Gentrification and displacement are happening in metropolitan areas across the country: Families are being forced out of their homes, the cost of living is exponentially increasing, and, in the heart of San Francisco, the lives of LGBTQ community members are changing.
What is happening in San Francisco?
Poverty and homelessness have become prominent issues in San Francisco in the past few years, especially with the changing economy and community lifestyle. The city’s circumstances are pushing away native San Franciscans and allowing in new technology giants such as Twitter and Google.
Community organizer Roberto Hernandez told the San Francisco Examiner that evictions happen all the time in the Mission District. Citizens who can’t afford to live in these rich areas are forced to live farther away.
“It is criminal in a city that’s so wealthy to have 3,000 children living homeless,” Hernandez told the Examiner.
The Ellis Act evictions started taking place at the height of the dot-com era in the 1990s. Under the law, landlords were legally allowed to evict all tenants in a building, if they wanted to get out of business.
What was once a cultural melting pot is now becoming a culture drain. With technology booms in the city, more and more young professionals are moving into established neighborhoods like the Mission and Castro.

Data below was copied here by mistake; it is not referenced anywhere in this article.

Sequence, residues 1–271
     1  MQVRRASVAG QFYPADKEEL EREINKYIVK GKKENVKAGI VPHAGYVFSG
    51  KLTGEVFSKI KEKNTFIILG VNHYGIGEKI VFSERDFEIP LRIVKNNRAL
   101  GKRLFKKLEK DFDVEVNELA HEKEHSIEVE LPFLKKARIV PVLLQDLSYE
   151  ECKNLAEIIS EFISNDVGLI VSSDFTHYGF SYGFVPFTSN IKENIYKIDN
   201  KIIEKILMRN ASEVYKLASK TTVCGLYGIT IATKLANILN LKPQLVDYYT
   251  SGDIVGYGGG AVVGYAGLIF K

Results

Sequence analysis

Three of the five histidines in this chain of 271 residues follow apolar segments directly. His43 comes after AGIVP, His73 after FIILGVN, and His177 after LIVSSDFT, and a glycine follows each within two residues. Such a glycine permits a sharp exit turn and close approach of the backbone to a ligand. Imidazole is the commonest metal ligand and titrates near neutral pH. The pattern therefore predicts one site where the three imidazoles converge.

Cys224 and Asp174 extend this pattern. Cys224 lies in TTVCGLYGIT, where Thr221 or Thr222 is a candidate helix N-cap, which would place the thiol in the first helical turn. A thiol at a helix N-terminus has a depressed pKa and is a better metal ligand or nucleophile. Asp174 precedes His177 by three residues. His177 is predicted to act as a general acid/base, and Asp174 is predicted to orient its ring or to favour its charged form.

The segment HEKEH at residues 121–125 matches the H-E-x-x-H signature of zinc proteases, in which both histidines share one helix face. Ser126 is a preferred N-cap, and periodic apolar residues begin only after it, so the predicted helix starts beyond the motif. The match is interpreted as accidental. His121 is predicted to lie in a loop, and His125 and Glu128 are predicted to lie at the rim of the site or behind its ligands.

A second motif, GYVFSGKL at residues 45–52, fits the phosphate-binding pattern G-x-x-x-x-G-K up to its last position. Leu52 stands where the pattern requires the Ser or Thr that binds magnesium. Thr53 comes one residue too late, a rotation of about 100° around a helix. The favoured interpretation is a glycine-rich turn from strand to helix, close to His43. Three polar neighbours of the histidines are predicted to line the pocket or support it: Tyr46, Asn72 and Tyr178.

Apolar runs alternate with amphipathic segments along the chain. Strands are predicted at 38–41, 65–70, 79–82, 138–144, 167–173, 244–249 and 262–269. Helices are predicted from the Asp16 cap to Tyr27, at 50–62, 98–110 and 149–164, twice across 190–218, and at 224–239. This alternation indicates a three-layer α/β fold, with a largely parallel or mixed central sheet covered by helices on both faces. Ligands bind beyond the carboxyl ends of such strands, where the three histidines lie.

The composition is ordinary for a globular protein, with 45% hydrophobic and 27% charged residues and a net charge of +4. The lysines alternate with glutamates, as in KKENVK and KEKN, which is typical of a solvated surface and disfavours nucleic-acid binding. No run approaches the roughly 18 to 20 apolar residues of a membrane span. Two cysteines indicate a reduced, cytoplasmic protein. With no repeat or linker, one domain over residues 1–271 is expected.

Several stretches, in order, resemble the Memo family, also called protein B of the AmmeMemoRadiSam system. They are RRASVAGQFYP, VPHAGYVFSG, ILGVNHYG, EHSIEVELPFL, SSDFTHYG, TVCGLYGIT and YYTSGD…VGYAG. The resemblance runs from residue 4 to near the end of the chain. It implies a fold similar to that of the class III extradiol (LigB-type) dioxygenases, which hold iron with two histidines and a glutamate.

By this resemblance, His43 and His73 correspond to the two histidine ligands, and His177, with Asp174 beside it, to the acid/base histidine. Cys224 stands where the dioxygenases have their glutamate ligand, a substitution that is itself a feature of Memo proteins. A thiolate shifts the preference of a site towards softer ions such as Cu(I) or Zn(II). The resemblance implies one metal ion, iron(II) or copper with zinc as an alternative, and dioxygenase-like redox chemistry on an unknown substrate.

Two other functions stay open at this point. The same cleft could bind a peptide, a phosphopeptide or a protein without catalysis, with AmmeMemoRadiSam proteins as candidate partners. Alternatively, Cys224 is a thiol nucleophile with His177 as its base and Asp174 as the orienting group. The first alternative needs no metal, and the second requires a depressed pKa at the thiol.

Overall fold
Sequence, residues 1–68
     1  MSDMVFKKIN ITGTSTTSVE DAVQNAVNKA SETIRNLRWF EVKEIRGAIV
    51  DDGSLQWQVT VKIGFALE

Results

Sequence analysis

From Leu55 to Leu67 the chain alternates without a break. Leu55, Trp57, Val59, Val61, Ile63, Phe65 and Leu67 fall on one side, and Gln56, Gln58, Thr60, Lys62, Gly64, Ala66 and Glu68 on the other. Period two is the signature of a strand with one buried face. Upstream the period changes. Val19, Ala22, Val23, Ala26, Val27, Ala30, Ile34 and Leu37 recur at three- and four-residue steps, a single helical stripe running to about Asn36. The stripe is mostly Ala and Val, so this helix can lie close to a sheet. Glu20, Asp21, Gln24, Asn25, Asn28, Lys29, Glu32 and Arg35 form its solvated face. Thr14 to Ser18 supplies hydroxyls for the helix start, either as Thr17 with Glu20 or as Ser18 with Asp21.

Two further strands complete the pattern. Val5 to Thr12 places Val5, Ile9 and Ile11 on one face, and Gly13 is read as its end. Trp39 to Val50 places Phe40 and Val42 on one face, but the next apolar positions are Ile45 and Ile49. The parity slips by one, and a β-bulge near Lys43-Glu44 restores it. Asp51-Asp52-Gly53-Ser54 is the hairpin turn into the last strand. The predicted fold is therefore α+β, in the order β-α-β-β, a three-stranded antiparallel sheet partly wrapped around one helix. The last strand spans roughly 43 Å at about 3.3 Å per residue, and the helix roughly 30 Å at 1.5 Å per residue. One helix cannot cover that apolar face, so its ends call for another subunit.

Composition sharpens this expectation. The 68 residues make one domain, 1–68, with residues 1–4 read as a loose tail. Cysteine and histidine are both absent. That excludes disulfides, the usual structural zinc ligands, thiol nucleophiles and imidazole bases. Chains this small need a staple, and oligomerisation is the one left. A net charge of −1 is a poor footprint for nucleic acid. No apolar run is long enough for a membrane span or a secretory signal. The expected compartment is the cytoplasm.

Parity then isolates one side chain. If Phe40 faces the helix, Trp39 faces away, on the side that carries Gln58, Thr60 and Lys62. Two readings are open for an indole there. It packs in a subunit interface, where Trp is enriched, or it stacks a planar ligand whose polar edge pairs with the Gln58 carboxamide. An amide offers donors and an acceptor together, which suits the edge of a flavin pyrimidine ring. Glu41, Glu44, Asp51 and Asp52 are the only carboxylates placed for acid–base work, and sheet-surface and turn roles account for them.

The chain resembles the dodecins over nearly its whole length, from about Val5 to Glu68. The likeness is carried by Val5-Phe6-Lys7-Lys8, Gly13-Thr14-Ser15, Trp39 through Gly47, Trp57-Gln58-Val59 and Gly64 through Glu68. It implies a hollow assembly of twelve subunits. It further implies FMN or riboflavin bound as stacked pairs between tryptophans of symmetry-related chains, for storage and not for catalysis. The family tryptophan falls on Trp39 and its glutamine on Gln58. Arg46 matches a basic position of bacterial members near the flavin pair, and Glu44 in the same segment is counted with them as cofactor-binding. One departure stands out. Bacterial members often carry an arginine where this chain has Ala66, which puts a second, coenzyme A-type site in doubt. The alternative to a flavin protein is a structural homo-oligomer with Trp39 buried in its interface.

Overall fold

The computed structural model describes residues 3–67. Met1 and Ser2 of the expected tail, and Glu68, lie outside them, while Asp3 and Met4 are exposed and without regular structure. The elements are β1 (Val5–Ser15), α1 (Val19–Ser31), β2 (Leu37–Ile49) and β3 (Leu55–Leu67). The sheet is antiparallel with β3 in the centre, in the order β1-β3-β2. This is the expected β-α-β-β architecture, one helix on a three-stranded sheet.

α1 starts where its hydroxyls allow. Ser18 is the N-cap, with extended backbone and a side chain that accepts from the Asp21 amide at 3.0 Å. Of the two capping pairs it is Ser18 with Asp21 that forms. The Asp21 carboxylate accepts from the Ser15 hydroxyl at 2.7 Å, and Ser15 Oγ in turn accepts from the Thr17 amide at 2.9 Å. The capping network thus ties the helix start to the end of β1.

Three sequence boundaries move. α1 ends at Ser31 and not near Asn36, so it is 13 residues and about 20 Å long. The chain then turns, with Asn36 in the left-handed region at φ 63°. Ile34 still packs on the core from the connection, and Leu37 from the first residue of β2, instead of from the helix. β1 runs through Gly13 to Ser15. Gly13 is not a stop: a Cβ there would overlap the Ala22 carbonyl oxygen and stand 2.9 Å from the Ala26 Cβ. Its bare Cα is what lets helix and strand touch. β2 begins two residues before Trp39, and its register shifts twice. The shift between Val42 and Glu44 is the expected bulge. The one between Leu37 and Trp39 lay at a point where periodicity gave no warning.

How does gentrification affect the LGBT community?
The San Francisco Human Services Agency reported in 2013 that 29 percent of the city’s 6,436 homeless residents identify as LGBTQ. Many people come to San Francisco to escape prejudice, disapproval, and identity struggles, but as people continue trickling in, the city housing crisis continues to grow.
Co-founder and Director of the Aids Housing Alliance Brian Basinger told thinkprogress.com it is very tough leaving the Castro as a gay man.
“When LGBTQ people get displaced from San Francisco, we lose access to welcoming neighborhoods where we are safe to be ourselves,” Basinger told thinkprogress.com.
According to the Anti-Eviction Mapping Project, the residents of 294 buildings in the Castro consisting of 837 units were evicted, and thousands of people were displaced from 2010 through 2013.
What is being done?
Gentrification is inevitable because communities are going to grow in size and economically, and they will move. In San Francisco, communities are constantly changing as groups of people move to different neighborhoods. For example, the Castro used to be a working-class Irish neighborhood in the 1980s. Over time, it transitioned into a mecca for people who identify as LGBTQ.
But many organizations within and outside of San Francisco are working to identify and reduce unfair and forced evictions across the city.
For example, the San Francisco-based Anti-Eviction Mapping Project works to find trends and statistics in evictions. They map out how the evictions were caused, why they were caused, and what communities are potentially in danger next using data from the San Francisco Rent Board and many other sources.
Gentrification and displacement work as a vicious cycle. Neighborhoods are being torn down, along with memories etched onto those walls. While Tony Bennett once sang “I Left My Heart in San Francisco,” many now can sing, “I Left My Home in San Francisco.”